- FELCO Classic Manual Hand Pruners: Better for heavier-duty pruning, such as dead sunflower stalks and tomato vines and cutting old zip-ties off the trellises.
Want to know more tips about zinnia blooms, like how long you can expect to harvest off your plants? Then jump over to this article, 7 Things You Should Know About Zinnia Blooms, when you’re done here.
3. Deadhead any flowers you don’t harvest
Finally, if you want to enjoy your zinnias right in the garden (along with all the butterflies), then deadheading is the trick for you to keep your flowers blooming.
Deadheading flowers means removing the old flower after it’s done blooming. Once the flower petals start to wilt and look ragged, cut the stem just above a set of leaves. Removing the spent bloom will prevent it from going to seed, gradually slowing down flower production by the plant.
Here are a couple of examples with some calendula flowers. One stem got away from me completely and went to seed. The other is a bloom just past its prime.
Since the plant’s goal is to produce seeds, if you never remove the spent blossoms, it will reach its goal much more quickly. If the plant has succeeded in making seeds, then there’s no reason for it to continue making flowers, and the plant will die back sooner than later.
By removing the old flowers, you’re delaying the seed-setting process and encouraging the plant to make another attempt by putting out fresh flowers. Keep the cycle going all season, and you’ll (almost) never run out of flowers.
If you’re not sure which of your flowers will need deadheading, check out this post, Should I Deadhead my Cut Flowers, Too? and learn which flowers you can help keep in bloom with a timely snip.
After a while, though, you’ll have a choice to make in the life of your zinnias. Either replace the plant or leave it to feed the birds.
Here’s a little more detail to help you decide which option to choose:
Even if you remove every old flower, eventually, the zinnias will get run out of energy and start to slow down. The plant will look a bit ragged, and a common disease for zinnias, powdery mildew, might even set in.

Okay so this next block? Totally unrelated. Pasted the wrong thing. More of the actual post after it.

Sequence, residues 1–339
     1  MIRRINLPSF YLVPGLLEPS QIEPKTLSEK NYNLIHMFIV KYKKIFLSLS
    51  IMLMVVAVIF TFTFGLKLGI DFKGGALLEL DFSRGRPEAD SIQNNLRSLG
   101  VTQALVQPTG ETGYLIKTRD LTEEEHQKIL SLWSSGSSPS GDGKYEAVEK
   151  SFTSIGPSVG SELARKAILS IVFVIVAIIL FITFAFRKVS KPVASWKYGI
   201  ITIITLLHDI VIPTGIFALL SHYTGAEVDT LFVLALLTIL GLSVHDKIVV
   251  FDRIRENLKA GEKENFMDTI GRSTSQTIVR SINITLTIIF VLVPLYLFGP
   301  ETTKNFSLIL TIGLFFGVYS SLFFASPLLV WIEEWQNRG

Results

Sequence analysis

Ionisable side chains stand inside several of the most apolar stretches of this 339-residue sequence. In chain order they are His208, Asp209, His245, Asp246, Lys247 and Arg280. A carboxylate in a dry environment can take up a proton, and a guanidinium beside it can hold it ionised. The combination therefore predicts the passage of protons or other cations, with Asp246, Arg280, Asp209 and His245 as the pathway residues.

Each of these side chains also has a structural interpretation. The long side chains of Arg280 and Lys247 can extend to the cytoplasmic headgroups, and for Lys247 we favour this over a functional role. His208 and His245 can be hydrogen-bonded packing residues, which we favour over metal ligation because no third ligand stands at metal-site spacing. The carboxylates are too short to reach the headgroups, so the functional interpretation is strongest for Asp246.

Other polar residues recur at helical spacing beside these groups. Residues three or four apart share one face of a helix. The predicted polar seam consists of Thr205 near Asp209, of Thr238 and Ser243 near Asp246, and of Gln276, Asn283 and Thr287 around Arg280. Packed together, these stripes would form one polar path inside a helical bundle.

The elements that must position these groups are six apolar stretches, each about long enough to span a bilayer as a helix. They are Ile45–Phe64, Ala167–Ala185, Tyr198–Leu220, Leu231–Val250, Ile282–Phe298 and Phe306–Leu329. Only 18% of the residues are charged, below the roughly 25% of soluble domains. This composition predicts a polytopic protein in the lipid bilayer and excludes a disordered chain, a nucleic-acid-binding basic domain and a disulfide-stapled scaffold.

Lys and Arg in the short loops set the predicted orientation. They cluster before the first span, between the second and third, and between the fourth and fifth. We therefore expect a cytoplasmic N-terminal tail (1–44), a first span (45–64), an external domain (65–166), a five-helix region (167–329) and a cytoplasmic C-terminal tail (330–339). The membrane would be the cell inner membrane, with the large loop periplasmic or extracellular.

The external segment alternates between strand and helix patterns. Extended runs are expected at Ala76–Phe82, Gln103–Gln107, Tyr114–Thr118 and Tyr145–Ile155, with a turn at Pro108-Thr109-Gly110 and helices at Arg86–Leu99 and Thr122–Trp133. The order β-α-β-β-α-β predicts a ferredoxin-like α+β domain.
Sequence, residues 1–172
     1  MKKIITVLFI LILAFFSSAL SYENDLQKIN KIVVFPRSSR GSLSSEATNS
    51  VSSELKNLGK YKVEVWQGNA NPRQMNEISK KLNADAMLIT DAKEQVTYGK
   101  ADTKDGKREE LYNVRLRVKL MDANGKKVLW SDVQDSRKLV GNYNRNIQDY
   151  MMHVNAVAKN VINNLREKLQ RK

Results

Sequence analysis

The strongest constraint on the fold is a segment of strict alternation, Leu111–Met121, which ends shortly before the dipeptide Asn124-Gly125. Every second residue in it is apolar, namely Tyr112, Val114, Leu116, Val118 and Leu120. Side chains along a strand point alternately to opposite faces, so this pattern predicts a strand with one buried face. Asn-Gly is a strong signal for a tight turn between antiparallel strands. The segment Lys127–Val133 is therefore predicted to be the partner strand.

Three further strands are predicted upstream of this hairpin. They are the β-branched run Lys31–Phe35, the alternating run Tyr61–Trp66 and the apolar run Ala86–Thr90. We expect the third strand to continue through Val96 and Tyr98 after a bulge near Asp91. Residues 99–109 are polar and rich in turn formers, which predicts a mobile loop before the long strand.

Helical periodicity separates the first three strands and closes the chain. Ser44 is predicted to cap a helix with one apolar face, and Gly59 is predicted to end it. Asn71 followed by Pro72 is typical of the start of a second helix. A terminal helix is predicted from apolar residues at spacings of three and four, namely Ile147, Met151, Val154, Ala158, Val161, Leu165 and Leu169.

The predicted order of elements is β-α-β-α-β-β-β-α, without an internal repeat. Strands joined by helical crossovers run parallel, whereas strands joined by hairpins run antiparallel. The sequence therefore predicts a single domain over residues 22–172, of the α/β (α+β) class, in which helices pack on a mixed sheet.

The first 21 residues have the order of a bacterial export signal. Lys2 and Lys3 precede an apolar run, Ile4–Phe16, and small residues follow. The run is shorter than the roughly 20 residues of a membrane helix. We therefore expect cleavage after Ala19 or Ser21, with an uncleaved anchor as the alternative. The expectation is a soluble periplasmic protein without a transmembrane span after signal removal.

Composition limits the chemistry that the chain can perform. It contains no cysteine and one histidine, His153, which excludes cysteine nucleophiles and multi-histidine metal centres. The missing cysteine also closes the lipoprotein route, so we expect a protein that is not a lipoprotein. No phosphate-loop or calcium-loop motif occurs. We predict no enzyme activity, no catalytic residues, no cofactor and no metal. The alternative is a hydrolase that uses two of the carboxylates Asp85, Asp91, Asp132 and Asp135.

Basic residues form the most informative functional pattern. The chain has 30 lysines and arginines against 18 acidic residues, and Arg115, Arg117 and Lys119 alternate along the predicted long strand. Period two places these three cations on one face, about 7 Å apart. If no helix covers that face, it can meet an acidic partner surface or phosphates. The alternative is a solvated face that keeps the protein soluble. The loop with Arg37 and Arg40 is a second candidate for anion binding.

At that point, it’s best to cut down or pull the plant from the garden and replace it with a new one, whether that’s another zinnia or something different.
If you’re reaching the end of your season, consider leaving the old plants in place. Allow the flowers to go to seed after all, and you’ll be providing food and habitat for birds and bugs as the season transitions to fall and winter.
You can remove the old plant at the first sign of spring to make room for all the new plants you have for the garden.
For a handful of other ways to keep your flower garden blooming, jump over to this post, 6 Summer Chores To Keep Your Cut Flower Garden Performing.
How long will zinnias bloom?
Zinnias will reliably bloom all summer as long as the weather stays warm. If you live in an area with long summers, this usually means that zinnia plants will produce flowers until September or later. Once the first frost arrives and temperatures drop to the 30s, the zinnia plants are done for the season as they won’t survive a frost.
When do zinnias bloom?
Zinnias will typically start blooming 60-90 days after planting from seed. If you sow the seeds after the risk of frost has passed in April, that means you will get flowers sometime in July or August. A May sowing will likely yield blooms in August because they’ve been sown into warm soil.
How long do zinnia blooms last?
Zinnia blooms will last for up to two weeks after cutting for the vase. They’ll last equally long, if not longer, on the plant. Overall, a zinnia plant should produce flowers for at least a month, but with regular water and a midseason boost of fertilizer, your zinnia plants should last a couple of months.